I check the stats of my BaconLOG periodically and was surprised to see an inordinate number of people reading the post, Kissinger on Go and Chinese Strategic Thinking, from January 27, 2011. There also seemed to be much interest from China. Then there appeared an article in the Globe and Mail on June 10, 2011, Weiqi: The game that holds China's key to world domination, by Michael Posner. (http://www.theglobeandmail.com/news/world/weiqi-the-game-that-holds-chinas-key-to-world-domination/article2056685/)
Mr Posner writes in the article, "It is no coincidence that China has taken its place on the global stage without a single bullet being fired (except on its own people). Its big-picture approach, as outlined by Henry Kissinger in his new book, On China, has a great deal in common with weiqi, the world's oldest and most sophisticated board game. Even the most complex board game could never replicate the intricacies of geopolitics, but understanding one can provide key insights into the other."
Then I understood the interest was because of the book. When I think of Henry Kissinger, I think of the book by Christopher Hitchens, The Trial of Henry Kissinger, in which Mr Hitchens brought charges against Henry Kissinger as a war criminal. There is even a documentary film, made in 2002, of the same name. I lived through the Nixon/Henry the K era and cannot understand why anyone listens to the man. To put it in terms of the youngsters today, Kissinger is SO yesterday!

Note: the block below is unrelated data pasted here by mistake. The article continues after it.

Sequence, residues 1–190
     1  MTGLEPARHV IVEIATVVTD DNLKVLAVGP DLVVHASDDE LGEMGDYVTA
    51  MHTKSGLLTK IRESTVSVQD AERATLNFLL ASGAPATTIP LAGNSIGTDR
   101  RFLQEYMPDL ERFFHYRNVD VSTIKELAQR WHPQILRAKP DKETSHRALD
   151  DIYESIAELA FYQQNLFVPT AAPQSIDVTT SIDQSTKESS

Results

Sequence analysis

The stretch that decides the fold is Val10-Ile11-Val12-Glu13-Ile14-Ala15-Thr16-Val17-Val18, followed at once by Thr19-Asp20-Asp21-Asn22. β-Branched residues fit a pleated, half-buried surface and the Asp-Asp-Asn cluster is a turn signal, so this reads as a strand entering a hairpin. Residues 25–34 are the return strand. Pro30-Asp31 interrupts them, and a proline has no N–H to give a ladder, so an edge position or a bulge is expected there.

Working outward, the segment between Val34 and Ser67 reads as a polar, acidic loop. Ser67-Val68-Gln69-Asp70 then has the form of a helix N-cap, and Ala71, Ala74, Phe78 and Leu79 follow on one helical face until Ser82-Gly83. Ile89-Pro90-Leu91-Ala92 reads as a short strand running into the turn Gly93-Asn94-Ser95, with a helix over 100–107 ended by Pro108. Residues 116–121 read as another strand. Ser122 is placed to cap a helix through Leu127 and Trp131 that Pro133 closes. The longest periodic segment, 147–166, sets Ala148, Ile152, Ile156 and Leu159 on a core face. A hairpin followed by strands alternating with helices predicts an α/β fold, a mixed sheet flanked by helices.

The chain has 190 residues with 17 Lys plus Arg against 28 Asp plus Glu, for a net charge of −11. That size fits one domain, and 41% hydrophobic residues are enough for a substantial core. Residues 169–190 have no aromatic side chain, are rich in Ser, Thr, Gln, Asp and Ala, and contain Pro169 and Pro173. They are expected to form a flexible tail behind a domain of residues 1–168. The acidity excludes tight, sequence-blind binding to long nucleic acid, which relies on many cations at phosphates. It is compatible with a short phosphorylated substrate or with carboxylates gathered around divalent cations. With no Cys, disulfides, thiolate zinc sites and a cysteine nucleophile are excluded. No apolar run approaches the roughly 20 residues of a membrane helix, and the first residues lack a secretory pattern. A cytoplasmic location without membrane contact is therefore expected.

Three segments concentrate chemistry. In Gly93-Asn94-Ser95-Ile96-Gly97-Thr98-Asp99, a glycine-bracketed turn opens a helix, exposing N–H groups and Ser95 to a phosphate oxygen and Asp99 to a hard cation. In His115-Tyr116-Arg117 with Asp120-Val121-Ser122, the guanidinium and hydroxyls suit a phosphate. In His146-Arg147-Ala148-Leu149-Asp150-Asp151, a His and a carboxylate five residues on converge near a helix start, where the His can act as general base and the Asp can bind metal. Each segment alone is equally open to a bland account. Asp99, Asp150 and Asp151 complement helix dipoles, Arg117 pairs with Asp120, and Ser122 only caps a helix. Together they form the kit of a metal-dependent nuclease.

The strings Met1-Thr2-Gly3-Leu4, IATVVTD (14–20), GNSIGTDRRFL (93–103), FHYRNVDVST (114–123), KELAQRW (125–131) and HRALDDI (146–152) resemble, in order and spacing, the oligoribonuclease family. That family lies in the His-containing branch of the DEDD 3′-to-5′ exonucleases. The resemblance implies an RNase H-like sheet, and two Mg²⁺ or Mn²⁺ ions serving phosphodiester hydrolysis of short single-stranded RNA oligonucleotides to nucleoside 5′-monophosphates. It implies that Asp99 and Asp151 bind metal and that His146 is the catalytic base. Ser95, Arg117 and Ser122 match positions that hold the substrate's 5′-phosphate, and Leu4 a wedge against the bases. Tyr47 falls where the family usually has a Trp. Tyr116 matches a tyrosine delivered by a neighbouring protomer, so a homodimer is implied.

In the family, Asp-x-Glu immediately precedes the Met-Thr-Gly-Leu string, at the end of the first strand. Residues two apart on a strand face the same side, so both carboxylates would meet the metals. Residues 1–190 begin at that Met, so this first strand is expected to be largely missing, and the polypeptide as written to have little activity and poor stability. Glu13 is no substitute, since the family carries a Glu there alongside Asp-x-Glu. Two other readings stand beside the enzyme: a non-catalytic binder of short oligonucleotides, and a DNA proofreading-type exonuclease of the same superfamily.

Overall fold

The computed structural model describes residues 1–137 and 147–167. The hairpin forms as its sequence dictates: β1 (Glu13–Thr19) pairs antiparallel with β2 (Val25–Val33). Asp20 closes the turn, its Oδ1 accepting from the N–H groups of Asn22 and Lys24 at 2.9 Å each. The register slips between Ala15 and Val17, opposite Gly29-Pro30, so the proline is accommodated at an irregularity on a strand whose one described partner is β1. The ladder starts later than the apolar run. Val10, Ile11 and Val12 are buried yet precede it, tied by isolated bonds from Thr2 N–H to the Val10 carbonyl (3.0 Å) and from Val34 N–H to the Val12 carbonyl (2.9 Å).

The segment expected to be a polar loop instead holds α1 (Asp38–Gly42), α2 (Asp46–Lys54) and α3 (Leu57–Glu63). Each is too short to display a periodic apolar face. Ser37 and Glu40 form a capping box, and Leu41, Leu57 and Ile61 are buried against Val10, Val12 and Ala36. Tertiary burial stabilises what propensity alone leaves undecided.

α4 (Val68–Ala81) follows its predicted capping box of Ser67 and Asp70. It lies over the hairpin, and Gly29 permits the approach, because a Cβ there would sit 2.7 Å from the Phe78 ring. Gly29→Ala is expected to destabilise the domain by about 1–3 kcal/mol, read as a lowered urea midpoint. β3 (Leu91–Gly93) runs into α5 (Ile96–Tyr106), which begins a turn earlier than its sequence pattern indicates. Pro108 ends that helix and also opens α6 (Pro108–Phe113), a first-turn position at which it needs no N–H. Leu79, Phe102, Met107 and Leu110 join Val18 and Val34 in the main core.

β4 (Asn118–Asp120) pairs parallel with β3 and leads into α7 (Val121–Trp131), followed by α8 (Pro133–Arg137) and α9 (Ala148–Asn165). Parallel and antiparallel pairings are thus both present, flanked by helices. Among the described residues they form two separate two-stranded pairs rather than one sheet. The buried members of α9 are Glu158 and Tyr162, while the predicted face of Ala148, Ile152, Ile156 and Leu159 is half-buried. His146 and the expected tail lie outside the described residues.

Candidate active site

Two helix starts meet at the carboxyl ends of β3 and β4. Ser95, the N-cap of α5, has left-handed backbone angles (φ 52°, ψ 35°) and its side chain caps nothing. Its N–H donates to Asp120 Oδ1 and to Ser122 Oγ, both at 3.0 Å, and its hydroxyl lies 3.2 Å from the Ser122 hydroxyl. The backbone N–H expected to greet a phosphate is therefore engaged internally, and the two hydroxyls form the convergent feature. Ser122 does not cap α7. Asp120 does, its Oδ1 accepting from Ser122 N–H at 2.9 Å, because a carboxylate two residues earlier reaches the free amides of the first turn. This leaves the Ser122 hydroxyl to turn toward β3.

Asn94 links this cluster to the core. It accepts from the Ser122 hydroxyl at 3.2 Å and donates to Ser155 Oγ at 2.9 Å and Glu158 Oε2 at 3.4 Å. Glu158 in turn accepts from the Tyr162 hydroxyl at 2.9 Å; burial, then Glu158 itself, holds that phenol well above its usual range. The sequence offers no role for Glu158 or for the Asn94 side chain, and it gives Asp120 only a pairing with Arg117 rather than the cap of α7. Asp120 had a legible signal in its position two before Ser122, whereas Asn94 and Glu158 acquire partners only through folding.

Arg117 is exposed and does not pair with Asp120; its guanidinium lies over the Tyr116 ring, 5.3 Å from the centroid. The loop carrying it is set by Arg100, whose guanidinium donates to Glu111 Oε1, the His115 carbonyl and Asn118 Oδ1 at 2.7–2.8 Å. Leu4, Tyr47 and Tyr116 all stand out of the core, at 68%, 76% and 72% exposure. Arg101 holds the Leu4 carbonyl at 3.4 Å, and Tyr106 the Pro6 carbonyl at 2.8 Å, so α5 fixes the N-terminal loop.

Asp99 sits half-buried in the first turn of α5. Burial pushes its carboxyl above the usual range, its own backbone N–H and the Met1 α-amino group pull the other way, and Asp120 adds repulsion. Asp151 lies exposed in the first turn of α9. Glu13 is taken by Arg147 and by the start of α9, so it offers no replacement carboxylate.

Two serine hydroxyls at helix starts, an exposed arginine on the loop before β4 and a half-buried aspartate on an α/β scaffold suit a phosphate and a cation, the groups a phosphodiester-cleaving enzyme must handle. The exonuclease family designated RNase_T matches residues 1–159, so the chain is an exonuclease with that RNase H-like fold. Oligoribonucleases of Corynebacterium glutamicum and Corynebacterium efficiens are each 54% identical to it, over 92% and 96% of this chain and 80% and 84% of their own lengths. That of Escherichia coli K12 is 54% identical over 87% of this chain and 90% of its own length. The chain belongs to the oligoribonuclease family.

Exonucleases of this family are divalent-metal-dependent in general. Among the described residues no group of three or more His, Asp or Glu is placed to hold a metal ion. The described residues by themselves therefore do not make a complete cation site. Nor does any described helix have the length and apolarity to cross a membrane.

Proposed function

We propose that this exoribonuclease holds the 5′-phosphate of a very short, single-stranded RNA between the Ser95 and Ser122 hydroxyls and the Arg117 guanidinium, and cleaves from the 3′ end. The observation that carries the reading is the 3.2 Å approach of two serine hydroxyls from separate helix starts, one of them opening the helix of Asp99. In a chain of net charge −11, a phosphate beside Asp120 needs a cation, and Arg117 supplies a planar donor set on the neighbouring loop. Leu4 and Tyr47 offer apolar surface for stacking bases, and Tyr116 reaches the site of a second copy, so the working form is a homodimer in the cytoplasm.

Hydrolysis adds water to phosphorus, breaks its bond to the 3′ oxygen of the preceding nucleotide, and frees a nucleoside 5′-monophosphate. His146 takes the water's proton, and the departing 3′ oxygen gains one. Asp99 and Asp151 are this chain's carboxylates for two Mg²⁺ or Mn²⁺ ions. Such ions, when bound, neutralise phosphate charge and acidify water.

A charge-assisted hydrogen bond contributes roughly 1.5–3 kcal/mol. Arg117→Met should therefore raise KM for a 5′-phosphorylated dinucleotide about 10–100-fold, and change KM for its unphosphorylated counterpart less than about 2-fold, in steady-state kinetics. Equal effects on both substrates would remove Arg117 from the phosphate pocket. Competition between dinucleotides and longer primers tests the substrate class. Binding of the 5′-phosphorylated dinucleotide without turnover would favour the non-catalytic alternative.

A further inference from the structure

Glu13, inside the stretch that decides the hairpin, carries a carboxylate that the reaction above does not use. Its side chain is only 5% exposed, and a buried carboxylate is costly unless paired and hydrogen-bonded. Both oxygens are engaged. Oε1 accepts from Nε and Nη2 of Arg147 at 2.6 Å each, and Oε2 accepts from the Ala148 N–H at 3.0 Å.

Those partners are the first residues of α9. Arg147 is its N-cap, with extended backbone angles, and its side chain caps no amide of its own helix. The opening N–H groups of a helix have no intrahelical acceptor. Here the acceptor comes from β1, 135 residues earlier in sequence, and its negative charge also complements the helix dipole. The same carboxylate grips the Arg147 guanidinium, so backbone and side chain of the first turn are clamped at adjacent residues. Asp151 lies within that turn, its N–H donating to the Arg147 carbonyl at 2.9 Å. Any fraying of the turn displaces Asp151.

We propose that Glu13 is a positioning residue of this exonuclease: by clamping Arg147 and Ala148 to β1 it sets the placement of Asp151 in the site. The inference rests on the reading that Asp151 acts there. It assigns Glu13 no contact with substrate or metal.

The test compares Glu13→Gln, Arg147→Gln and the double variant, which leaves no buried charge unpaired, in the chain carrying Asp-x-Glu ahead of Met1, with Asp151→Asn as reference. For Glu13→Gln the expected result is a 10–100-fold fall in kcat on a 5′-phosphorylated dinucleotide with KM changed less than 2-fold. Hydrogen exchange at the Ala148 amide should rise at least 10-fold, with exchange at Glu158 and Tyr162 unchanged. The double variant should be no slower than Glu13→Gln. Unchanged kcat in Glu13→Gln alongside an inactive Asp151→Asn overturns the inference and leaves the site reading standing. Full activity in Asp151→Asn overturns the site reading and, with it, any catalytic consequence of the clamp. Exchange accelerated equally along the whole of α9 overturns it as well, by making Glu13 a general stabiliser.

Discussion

The next day, June 11, 2001, Keith Johnson wrote a piece for the Wall Street Journal, What Kind of Game Is China Playing?
Both articles say China is playing Go, as it's called in the west.
Just today, former Phillippine President Fidel V. Ramos has come out with an interesting article, Deadly Chess Game: Positional Warfare (http://online.wsj.com/article/SB10001424052702304259304576374013537436924.html), in which he writes, "To many Filipinos and senior citizens around the world who are chess aficionados like me, China’s creeping intrusion into the South China Sea is like playing deadly positional warfare in chess that is eventually won by pushing opponents into a condition of “zugzwang” (inability to defend to the point of surrender because of loss of space and movement)."
What kind of game is China playing,Chess or Go? Inquiring minds want to know.